[*]“Personal creditors are in the Roman law called Chirographarii, because they commonly have some bond or note of the hand for the debt. And where there are several such creditors, if they debtor’s estate is not sufficient to satisfy them all, each has his share assigned in proportion to the largeness of the debt, without any regard to the time, when it was contracted. But in mortgages it was different, the debt of longest standing was to be first satisfied.”— Barbeyrac.”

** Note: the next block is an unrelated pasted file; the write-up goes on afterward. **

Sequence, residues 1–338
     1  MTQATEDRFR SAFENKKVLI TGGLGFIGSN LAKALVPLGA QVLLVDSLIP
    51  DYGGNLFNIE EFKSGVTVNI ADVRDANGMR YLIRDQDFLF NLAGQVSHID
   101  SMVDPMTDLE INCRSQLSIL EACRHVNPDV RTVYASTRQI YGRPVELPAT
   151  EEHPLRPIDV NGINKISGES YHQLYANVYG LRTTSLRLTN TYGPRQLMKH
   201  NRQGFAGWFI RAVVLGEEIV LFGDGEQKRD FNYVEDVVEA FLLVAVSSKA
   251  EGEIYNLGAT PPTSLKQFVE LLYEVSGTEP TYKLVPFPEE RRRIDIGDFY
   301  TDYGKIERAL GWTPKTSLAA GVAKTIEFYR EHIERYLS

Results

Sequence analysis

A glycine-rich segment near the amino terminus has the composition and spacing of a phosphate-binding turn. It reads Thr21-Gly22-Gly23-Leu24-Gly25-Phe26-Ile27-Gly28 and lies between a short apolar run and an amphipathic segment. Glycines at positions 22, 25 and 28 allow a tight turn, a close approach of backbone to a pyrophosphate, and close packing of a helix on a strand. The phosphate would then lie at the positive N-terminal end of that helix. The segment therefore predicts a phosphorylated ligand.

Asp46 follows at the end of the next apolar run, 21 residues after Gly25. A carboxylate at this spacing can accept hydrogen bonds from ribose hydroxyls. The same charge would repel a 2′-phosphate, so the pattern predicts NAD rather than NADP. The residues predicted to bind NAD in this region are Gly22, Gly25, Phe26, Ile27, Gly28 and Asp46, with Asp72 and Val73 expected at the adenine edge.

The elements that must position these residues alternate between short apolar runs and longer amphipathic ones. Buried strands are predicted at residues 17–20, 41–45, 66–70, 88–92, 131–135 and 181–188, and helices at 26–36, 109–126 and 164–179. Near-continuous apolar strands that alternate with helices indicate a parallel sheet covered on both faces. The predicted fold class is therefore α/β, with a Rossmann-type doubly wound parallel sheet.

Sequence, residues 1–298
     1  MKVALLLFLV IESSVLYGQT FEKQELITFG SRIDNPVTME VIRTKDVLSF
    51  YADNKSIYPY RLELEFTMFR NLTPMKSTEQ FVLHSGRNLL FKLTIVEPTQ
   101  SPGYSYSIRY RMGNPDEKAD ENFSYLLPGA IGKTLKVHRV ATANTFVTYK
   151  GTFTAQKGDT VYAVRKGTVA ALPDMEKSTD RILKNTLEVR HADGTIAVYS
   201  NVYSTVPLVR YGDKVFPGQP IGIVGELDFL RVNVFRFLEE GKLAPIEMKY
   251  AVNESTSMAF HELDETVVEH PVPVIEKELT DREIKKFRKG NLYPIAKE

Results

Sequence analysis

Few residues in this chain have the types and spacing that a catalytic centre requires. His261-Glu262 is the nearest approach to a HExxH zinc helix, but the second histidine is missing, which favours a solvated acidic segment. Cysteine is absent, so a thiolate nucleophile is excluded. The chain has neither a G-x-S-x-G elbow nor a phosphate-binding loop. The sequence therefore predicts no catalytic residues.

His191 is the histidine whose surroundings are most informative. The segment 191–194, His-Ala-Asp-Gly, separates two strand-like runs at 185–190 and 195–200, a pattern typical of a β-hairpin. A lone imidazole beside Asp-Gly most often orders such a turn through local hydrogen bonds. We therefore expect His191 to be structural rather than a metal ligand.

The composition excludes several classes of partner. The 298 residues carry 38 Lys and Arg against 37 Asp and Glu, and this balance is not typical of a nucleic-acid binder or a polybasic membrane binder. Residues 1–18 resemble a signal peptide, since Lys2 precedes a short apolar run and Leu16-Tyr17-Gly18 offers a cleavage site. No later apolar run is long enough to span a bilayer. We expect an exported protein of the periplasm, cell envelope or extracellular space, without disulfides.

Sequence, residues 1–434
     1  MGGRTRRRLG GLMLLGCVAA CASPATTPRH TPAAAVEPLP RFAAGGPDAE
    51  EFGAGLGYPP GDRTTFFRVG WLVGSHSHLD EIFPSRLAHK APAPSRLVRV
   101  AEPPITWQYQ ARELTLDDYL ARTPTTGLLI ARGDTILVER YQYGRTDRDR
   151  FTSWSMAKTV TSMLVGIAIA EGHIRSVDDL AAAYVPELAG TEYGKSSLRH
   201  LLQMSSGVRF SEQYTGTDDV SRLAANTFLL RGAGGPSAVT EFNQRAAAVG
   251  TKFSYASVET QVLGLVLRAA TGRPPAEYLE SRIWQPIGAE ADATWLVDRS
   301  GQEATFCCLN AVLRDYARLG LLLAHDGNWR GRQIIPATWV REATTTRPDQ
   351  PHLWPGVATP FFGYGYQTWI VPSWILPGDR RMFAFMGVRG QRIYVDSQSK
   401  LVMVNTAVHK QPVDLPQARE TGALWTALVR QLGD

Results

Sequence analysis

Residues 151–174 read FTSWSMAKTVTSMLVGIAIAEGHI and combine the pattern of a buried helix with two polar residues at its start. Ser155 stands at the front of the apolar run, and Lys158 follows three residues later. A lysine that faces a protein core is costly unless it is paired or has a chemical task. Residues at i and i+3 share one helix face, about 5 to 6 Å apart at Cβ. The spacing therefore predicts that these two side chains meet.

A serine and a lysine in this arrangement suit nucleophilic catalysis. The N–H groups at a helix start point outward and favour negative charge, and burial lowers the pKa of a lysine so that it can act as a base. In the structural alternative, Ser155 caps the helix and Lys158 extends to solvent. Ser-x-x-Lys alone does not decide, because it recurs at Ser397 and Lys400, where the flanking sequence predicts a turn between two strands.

[*]When the Roman army had passed under the yoke at Caudium, upon their return, when the matter was referred to the senate, it was said that as the convention was made without the consent of the senate or people, the Roman people were not bound by it, and a proposal was made that those who had signed the treaty should again be given up to the enemy, thus the people would be released from the engagement. This proposal was agreed to, and a decree to the purpose passed.
[*]A new treaty therefore was made by public authority.Luctatius had inserted this clause that the agreement should be good and valid, only in case it was approved by the Roman people.— Liv. lib. xxi. c. xix. See likewise Polybius, lib. iii. c. xxi.